“You’re not my father. You're nothing. I’ll always be devoted to him and his memory. Never you. You’re a killer.”
Valkorion laughed. “As are you. You were always at your best when you took a life. Each one added to your power. That was my gift to you. You could be so much more and yet you insist on clinging to this absurd loyalty to a man you barely knew.”
“I didn’t know him long, but I knew him long enough. He left an impression.” Liatrix turned her back to him and snatched up another stone.
“Your dedication is admirable, but why settle for building these mounds when you could be building empires? I would share all I have with you.”
“You don’t share. You devour. I’m nothing like you.”
“You are exactly like me. In your heart of hearts, you long for true freedom. You long for the galaxy with all its wonders and delights. You have denied your true nature for too long.”
“That’s where you’re wrong. I long for my family. They mattered to me more than any Empire or war. I fought only because it meant a better life for them.”
“Assuming they survived the holocaust my son has unleashed upon the galaxy in my name, you will find they no longer need you. Your core worlds are ash. There is nothing left for you—no Empire, no Republic. Become who you were meant to be.”
“You can’t know that. It’s impossible. You’re as stuck as I am.”
“Am I?” Valkorion’s lip edged up slyly.
“Go bother someone else if you’re not.”
“Denying the truth will not make it any less true.”
“Scourge will come for me.”
“He betrayed me and he will betray you too.”
“I pity your delusions. The time you spent with him was a mere blink compared to the centuries he spent at my side.”
“He never showed you his true face. He lied to you for three hundred years. He resisted everything you are.”
“I know. Make no mistake, I saw through his machinations from the moment he betrayed Revan and the Exile to me. He fooled no one.”
“Then why didn’t you kill him?”
“Because his visions would lead me to you—you were always my goal.”
“You’re lying. You couldn’t have known about me. It doesn’t matter. Someone will come.” Liatrix gasped and doubled over. A searing pain cut a path from her abdomen to her lungs. Bile bubbled up her throat and she vomited. “W-what is this?” She cringed at the rusty sputum at her feet. “What’s happening to me?”
“You’re dying. My children had you frozen in carbonite. Regrettably, the process was less than perfect. Only by my graces do you live.”
“Don’t do me any favours. Dying would be worth it to be rid of you.”
“Not even death will excise my hold on you. You are mine as thoroughly as I am yours.”
“Someone will come. I have friends.”
“You have no friends—only those that would use you. Your companions…do you wish to see them before the end?”
Her eyes widened and she opened her mouth to speak but caught herself.
“I can see that you do. Come,” Valkorion beckoned with an upturned palm.
Liatrix hesitated, her gaze wary. She regretted the moment of unguarded candor he elicited. She followed him up the rocky incline until the burning hull of a wrecked freighter came into view. She’d only seen the Scumrunner once but recognized it immediately.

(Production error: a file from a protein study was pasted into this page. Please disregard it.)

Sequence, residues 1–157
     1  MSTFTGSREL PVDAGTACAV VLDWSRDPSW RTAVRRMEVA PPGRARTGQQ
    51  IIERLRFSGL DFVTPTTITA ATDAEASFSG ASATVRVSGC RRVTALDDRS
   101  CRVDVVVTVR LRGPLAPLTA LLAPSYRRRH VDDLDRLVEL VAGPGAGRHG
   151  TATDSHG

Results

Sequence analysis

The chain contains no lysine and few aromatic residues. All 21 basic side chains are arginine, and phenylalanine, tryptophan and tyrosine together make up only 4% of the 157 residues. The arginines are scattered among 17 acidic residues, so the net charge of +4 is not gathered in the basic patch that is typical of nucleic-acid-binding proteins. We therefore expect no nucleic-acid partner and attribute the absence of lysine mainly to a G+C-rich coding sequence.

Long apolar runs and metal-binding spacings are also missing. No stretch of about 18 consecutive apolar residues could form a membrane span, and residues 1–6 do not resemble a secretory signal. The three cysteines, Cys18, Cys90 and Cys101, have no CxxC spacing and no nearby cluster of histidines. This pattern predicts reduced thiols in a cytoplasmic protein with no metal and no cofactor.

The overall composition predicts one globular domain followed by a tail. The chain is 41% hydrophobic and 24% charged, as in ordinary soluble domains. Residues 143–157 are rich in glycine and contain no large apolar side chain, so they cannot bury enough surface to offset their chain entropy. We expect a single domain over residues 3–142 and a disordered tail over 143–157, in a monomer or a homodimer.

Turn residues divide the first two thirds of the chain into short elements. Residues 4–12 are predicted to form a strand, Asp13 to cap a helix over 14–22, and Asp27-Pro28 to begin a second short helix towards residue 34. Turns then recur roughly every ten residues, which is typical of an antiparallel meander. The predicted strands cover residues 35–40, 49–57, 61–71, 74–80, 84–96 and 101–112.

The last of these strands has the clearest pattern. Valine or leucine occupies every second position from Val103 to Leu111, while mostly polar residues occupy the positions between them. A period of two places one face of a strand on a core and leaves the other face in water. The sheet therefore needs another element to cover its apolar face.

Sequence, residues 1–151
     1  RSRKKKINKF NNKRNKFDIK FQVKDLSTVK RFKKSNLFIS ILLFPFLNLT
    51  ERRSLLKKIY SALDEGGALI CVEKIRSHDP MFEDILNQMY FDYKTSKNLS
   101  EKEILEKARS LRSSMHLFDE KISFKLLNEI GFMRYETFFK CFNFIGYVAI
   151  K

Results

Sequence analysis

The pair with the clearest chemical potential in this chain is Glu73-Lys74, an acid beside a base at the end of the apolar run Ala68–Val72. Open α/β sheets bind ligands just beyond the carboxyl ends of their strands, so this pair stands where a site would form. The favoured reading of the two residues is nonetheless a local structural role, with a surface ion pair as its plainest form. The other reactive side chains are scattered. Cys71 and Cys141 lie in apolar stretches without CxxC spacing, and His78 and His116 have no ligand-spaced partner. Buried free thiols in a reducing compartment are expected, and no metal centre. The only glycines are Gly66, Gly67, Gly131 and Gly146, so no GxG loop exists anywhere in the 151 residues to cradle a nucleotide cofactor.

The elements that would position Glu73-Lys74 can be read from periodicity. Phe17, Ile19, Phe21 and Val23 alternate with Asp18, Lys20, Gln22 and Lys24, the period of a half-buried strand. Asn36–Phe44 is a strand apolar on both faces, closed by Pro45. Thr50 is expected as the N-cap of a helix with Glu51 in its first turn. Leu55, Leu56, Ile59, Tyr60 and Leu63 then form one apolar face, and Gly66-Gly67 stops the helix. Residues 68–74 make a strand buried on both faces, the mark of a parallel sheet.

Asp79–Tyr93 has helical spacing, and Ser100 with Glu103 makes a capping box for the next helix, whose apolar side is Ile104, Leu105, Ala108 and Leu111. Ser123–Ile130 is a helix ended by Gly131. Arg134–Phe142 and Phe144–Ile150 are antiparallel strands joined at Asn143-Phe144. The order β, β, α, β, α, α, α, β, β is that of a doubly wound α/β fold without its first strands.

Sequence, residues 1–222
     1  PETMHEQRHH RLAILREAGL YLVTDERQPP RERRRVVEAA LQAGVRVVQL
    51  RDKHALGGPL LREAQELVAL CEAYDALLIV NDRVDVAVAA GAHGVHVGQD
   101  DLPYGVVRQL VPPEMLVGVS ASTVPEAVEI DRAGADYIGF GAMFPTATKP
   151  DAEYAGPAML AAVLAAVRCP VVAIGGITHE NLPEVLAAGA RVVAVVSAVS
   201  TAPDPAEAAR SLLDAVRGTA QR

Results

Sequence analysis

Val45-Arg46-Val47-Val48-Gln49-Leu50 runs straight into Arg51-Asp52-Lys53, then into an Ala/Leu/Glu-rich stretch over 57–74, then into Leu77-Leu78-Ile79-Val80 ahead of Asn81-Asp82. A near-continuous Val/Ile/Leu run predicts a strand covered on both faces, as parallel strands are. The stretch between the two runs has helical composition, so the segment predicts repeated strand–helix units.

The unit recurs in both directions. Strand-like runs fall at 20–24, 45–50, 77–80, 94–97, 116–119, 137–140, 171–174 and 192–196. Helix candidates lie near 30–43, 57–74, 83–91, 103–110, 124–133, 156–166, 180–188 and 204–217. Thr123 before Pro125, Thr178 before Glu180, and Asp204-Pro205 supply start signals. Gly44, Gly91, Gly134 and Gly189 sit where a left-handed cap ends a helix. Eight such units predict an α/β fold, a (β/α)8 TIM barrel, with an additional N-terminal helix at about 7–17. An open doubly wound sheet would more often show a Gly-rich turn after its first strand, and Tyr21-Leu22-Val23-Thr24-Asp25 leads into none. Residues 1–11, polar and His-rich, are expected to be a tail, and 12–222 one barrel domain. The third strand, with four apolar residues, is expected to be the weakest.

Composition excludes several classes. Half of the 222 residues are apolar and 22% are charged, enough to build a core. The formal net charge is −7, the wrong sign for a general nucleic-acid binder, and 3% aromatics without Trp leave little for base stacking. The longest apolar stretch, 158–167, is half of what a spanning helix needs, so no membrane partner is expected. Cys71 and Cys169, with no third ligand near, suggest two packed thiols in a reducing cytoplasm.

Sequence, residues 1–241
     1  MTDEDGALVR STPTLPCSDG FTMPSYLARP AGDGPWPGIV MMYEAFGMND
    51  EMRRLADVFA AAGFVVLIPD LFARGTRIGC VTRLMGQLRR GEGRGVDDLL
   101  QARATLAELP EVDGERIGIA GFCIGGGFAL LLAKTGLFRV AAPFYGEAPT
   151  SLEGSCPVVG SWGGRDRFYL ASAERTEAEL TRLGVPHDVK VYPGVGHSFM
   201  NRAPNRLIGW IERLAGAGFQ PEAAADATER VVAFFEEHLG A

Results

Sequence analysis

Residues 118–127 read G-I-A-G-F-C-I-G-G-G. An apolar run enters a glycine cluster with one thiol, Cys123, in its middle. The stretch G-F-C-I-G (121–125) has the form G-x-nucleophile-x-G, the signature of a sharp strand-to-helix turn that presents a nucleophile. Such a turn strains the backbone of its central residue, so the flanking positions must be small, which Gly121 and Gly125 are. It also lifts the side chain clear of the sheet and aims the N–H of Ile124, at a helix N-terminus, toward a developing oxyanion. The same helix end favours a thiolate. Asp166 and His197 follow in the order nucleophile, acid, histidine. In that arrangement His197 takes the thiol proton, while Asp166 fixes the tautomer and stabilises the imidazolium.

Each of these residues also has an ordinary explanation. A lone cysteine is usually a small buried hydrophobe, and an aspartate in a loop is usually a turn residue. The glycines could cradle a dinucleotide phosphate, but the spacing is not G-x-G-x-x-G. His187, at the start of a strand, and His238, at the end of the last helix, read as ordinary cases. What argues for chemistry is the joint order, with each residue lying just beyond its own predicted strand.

Thin plumes of static grey smoke curled over the site and she broke into a sprint, leaving Valkorion behind.
She collided with an invisible barrier and frowned. “I need to talk to them—to tell them…”
“Your companions were useful before you understood your potential. But now, you are complete. You have no need for this mechanical servant, or my failed creation—any more than you have a use for this man you once called husband.”
“Calling to them will do no good.”
“Where’s my family—my children? Scourge?”
“I’ve indulged you quite enough. Seeing them would serve no purpose. Every day they drift further away from you and each other while the galaxy spirals into chaos.”
“I won’t fall for your illusions. They’re not really here. They never were. None of this is real.”
“There is greatness in you. I never understood how you could settle for such a mediocre existence.”
“That’s not for you to decide. I was happy.”
“Were you?” Valkorion drawled and circled her like a vulture circles a carcass. “Your silence is telling. Admit it. You outgrew the Republic, long before you murdered their champions.”
With a pass of his hand, Liatrix relived her duel with the Grandmaster on Dromund Fels. Within minutes, Satele stood before her, arms charred and severed at the elbows and her weapon at her feet in pieces. With one deft kick to the chest, she’d sent Satele Shan hurtling off the cliff to her death. Liatrix peered over the edge, watching her enemy connect with the jagged rocks below.
The vision faded and Valkorion stood at her side. “I sense no regret in you.”
“That’s because there isn’t any. She deserved it. She failed the order and her family. My only regret is that Theron suffered—”
“And in time, you would have outgrown the Empire as well. You should be grateful, I saved you the trouble of having to kill your father yourself. He would’ve held you back.”
“My father was everything to me. You’re kidding yourself if you think I’m going to believe your lies, Valkorion.”
“There was a time not so long ago that you would sit by my side, all too willing to hear my wisdom.”
“I’m no longer a mindless puppet. I’m stronger than I used to be.”
“Yes, I can feel it.”
“You choose to harass me, day in day out. Why?”
“Because you are a part of me I wish to keep. I have done all I can for you, but I cannot save you unless you choose to live.”
“Fine. What is it you want from me?”
“Only you have matched my will to survive—we share a common foe—one that will require both of us to defeat.”
((to be continued…))